In the world of video games, it’s fairly common for a team to put years of hard work into a project, only for it to be unceremoniously shut down. More often than you’d think, games that got cancelled after years of work weren’t even announced before they met their tragic ends.
Luckily for us, there are intrepid internet detectives out there working tirelessly to uncover and document these games that never were. For 15 years, they have congregated at Unseen64, a website devoted to preserving the memories of unreleased games, as well as unfinished versions of games that eventually did come out.
Unseen64 just released a book called “Video Games You Will Never Play,” which contains a treasure trove of information about more than 200 unreleased games. 45 contributors worked together to put together the tome, which you can find out how to purchase on Unseen64.
In an email interview with Business Insider, Unseen64 founder and editor-in-chief Luca (also known as monokama on the site) shed some light on their investigative process.
For games that were announced before their demise, Google is Unseen64’s best friend. When the game was canned before anyone knew about it, they have to rely on developers who want to preserve their work to contact them directly.
“They give us info, images or videos to add a new missing piece to the long history of video games,” Luca said. “An important part of this process is the trust that Unseen64 collected during all these years of archiving beta and cancelled games; we respect the privacy of developers and they can remain anonymous, just in case there are still some copyright issues by sharing memories or documents from those lost games.”
One such game was “Animal Wars,” a PS3 exclusive game by Factor 5, the company behind the popular “Star Wars: Rogue Squadron” series. The strategic role-playing game would have been set in an alternate version of World War I, where a worldwide conflict between nations of animals was triggered by the assassination of “Archduke Birdinand.”
“Video Games You Will Never Play” was the end result of nearly two years of work. Luca and the other site members who started the project planned out the book on a broad level, but volunteers from the site helped put together its contents, from conducting interviews to writing articles.
“This is a great community and many people answered our call,” Luca said. “Some people were able to write dozens of articles for the book, others only one or two articles, but by collaborating all together we were able to reach the 480 pages the final book is composed of.”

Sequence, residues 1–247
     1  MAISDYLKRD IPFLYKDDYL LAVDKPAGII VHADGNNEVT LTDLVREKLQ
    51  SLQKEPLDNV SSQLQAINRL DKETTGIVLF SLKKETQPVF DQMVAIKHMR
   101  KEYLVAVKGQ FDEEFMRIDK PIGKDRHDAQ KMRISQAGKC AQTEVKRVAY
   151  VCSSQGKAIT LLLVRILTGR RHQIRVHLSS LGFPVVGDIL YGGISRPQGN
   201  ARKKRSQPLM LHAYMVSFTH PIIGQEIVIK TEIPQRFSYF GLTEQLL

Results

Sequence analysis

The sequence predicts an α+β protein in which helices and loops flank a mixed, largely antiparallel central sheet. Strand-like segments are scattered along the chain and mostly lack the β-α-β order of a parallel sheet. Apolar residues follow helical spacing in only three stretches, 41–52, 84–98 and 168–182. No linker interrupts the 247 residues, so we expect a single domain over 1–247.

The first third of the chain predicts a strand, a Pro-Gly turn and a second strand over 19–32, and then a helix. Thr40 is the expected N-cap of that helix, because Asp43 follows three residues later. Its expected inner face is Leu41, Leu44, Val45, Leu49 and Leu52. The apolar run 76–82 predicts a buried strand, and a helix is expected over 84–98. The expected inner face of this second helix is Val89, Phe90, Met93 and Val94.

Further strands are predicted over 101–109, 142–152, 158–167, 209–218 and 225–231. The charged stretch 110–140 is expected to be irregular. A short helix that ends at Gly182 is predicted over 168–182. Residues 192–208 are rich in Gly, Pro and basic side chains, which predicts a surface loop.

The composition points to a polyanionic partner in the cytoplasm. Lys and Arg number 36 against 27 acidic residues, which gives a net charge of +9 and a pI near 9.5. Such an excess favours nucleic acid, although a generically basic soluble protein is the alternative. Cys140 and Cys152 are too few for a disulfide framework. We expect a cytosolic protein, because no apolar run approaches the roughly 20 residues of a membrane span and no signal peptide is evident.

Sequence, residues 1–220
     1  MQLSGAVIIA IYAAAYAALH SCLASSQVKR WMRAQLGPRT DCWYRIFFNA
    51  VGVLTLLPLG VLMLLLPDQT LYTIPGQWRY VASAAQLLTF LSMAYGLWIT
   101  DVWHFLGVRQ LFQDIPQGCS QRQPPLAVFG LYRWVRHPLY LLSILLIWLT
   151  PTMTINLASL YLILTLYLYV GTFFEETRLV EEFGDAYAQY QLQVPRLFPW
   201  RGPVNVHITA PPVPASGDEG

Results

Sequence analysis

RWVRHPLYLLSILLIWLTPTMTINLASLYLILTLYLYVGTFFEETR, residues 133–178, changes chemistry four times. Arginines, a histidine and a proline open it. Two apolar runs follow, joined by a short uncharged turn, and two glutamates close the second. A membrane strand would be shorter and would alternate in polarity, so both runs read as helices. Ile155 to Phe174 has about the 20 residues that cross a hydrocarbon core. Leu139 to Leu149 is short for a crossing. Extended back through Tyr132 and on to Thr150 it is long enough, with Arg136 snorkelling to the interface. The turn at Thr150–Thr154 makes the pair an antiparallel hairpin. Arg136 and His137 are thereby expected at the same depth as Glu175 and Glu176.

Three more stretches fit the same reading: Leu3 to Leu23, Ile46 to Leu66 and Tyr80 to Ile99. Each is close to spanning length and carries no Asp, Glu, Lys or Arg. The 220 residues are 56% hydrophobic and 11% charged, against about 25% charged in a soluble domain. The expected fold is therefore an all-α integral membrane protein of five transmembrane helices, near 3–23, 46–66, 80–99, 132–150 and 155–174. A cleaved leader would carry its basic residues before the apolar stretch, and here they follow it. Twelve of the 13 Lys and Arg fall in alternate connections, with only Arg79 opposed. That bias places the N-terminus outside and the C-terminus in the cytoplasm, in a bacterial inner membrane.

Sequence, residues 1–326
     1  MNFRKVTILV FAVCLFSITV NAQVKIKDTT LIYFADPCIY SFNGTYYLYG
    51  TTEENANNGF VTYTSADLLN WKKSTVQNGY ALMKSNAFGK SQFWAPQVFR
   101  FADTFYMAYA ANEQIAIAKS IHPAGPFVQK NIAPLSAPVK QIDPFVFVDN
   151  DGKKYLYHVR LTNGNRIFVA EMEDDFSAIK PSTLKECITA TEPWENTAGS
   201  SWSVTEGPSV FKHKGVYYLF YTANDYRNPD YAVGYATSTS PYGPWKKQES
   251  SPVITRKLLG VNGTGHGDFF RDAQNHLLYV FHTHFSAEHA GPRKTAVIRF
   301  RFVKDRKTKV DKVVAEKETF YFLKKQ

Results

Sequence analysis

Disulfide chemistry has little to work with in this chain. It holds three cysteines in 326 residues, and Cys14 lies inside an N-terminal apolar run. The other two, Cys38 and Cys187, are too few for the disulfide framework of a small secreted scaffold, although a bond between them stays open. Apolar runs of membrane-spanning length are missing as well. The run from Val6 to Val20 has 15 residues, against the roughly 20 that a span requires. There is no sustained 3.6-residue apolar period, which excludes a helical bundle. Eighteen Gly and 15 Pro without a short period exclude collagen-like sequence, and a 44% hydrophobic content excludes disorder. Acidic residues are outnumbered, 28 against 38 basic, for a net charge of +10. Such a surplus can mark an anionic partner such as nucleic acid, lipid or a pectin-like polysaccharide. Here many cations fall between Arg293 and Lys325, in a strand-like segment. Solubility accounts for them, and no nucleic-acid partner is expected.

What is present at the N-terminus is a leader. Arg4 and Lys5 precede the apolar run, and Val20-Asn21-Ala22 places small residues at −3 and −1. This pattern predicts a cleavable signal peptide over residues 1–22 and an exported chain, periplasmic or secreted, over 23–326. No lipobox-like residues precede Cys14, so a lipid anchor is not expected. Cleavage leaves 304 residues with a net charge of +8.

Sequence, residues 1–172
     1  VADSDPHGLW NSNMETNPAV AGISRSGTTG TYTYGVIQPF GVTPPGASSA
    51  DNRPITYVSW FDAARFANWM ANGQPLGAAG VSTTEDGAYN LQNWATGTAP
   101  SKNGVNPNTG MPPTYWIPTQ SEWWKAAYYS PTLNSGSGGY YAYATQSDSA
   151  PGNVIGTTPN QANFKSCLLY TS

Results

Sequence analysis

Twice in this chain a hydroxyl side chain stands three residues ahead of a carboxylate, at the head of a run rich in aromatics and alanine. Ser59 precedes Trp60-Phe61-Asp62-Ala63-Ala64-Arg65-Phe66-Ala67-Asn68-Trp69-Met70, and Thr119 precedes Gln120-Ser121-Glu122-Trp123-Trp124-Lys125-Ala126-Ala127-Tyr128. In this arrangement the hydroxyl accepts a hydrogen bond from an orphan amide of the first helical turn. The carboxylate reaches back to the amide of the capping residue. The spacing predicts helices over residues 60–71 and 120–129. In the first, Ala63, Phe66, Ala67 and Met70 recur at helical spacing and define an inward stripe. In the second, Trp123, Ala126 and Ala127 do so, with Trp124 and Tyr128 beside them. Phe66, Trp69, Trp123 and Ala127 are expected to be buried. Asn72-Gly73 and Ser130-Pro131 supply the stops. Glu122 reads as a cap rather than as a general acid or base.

The book exists as a sort of celebration of Unseen64’s 15th anniversary. It’s a physical monument to the work Luca and other site members have put in over the years, something that can’t be taken away by the fickle nature of the internet.
“We don’t know if our website will still be online in 5, 10 or 30 years, but at least a physical book sold on Amazon could still be easily available in the future, or at least exist in a physical form in people’s homes, in libraries and in a few gaming museums that we got in contact with,” Luca said.
You might be wondering why people work so hard to document games that nobody will ever play. Luca said it’s all about cultural preservation.
“We would like to remember and save some memories from lost video games for historic and artistic preservation, and also to satisfy our curiosity,” Luca said. “On a collective scale, video games are one kind of human art and it’s important to preserve it as a memento of what human imagination and talent could have created.”
As for the future of Unseen64, Luca said one of the group’s current objectives is to find out more about a cancelled Nintendo Entertainment System game based on the David Lynch TV series “Twin Peaks.” Of course, there will always be more unreleased games to talk about that we don’t even know exist yet.
Luca spent thousands of hours writing and editing to put this book together, as did dozens of volunteers. As an act of goodwill, each volunteer received a free copy of the book.
“This is another labour of love and passion,” Luca said. “I will never repay all the time I spent on this project, but I’m just happy to finally see it published.”
Luca’s comments to Business Insider have been lightly edited for grammar and clarity. To find out more about “Video Games You Will Never Play,” click here.